In Jim Cramer’s Mad Money lightening round on Friday June 27 he said, “In the end, people aren’t spending… they are on the Interstate and you just don’t feel rich anymore when you’re on the Interstate, unless you’re driving a Mini Cooper.”
Meet DB, my mini-cooper . . .
I don’t feel rich on the Interstate, but I’m not bleeding money for gas anymore. I went from $95 a week for the truck I was driving to about $40 every other week. The savings almost equals the car payment AND it is a kick to drive!
Came across an interesting reference to The Black Swan (see my earlier entry) on MSN/Newsweek (Posted August 15)
Hedge-Fund Phrase: Unprecedented, unique circumstances
Translation: Stuff happens. But we had no clue.
Anyone who read the best seller The Black Swan [I did, and highly recommend it] knows that random geopolitical, financial, and economic events can cause the prices of assets to move in ways that defy history and sophisticated computer models. But it comes as a shock to the brightest minds on Wall Street, especially those who run quantitative-based funds.
“Wednesday is the type of day people will remember in quant-land for a very long time,” Matthew Rothman, head of quantitative equity strategies for Lehman Brothers told the Wall Street Journal last week.
“Events that models only predicted would happen once in 10,000 years happened every day for three days.”
Strangely, these same models failed to predict the once-in-10,000-year events that roiled the markets in 1997, 1998, 2001, and 2002.
Nassim Nicholas Taleb (essayist and mathematical trader) writes in a sometimes stilted and perhaps condescending fashion – but his book is entertaining, and for the most part interesting. He truly rakes over the coals the experts on Wall Street who make predictions based on historical data (perhaps this could include the buying and selling of mortgage backed securities?) because they use trends, and ignore the improbable.
His outlook is to first acknowledge the black swan; and then employ it, to his advantage. His belief is that we neither make huge gains nor have huge losses through the historical, only through the improbable, or unthinkable.
The name “The Black Swan . . .” is taken from the fact that for years the world knew there were NO black swans; using the metaphor “black swan” meant nonexistent. Then Black Swans were discovered in Australia.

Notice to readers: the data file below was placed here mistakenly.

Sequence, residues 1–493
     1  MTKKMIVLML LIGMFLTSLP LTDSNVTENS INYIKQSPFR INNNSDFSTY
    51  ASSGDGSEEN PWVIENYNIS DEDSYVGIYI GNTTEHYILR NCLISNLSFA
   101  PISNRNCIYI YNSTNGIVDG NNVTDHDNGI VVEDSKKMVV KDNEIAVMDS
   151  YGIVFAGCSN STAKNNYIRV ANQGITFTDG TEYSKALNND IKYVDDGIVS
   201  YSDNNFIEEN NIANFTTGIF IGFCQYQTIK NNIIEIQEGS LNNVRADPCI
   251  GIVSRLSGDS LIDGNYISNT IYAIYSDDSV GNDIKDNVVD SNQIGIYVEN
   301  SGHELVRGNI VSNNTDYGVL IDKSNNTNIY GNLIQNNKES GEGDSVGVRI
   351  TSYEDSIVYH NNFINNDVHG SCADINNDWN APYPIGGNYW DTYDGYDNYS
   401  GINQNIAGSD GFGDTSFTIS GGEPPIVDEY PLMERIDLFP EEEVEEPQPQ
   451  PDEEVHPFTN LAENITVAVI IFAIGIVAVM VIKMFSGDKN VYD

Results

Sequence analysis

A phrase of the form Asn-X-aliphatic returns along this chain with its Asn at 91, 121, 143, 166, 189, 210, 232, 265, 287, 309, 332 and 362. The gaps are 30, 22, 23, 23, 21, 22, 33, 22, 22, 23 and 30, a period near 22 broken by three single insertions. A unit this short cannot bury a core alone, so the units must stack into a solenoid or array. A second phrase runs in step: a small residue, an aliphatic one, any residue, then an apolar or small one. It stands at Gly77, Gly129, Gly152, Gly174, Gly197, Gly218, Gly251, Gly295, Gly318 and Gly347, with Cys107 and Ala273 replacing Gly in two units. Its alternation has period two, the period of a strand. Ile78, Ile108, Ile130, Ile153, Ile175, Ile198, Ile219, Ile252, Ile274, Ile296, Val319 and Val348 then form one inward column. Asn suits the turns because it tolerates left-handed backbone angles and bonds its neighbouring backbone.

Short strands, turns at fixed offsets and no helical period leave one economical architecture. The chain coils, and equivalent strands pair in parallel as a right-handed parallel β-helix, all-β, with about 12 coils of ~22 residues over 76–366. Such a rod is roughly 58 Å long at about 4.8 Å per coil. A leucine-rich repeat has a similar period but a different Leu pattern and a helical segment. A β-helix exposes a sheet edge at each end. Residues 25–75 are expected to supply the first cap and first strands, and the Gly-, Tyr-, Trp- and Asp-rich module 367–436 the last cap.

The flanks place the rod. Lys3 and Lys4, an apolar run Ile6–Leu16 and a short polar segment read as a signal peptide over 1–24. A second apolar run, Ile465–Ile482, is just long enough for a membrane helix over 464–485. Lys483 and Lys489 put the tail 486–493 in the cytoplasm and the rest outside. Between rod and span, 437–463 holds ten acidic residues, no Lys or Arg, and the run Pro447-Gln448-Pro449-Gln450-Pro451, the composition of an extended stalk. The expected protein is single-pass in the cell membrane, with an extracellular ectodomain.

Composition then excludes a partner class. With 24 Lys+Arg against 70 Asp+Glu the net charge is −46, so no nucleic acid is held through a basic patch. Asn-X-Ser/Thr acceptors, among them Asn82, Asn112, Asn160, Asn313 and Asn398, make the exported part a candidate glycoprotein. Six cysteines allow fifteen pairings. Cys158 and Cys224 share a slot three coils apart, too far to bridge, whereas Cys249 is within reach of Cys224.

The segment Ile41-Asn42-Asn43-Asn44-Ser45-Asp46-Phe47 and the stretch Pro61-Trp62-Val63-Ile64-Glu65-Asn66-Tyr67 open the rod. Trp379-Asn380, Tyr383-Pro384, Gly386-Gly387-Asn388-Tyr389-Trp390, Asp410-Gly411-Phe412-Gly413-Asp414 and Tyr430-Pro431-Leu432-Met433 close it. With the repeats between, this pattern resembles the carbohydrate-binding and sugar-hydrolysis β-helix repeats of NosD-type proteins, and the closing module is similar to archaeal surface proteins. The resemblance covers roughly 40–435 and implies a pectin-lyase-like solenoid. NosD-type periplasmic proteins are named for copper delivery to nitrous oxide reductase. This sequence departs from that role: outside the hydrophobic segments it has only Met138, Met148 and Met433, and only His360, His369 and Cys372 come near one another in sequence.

Taleb’s black swan is ” . . . a large-impact, hard-to-predict, and rare event beyond the realm of normal expectations.” September 11, 2001 is referred to as a “black swan”.
Real Estate investors know that now is the perfect time to buy real estate with the foreclosure market being what it is, but it is a dreadful time to get a loan for real estate. As a large-impact, unpredicted and rare event, it seems to qualify as a black swan. So, if we acknowledge it, how to use it?
Borrowers are certainly being given every opportunity to get refinanced on loans in default in ways that no one would have ever thought possible – the FHA Secure program will allow a refinance to people ONLY IN DEFAULT and allow them to keep the second mortgage they have now. Lenders are developing programs that will allow a cltv of 125%; refinancing what was an 80% first mortgage up to 100% value and allowing the second to stay, increasing the loan to 120% of the value of the property. I wouldn’t want to owe 25% more than my house was worth, but it beats foreclosure.
For real estate investors (and I’m not recommending speculation here . . . take note) there are properties that were manipulated by developers and builders that could present a powerful black swan advantage in the price they’re getting now, and the equity they afford. I’ve seen condos in Atlanta that were listed for $1,000,000 sell for $250,000 in bank sales in the last month. They’re a bargain at $250K even if the market takes a couple of years to recover.
This is the time to think outside the box – and stay on the lookout for the black swan.
I read that headline today in an email from Rich Workman, President of the Florida Mortgage Brokers Association.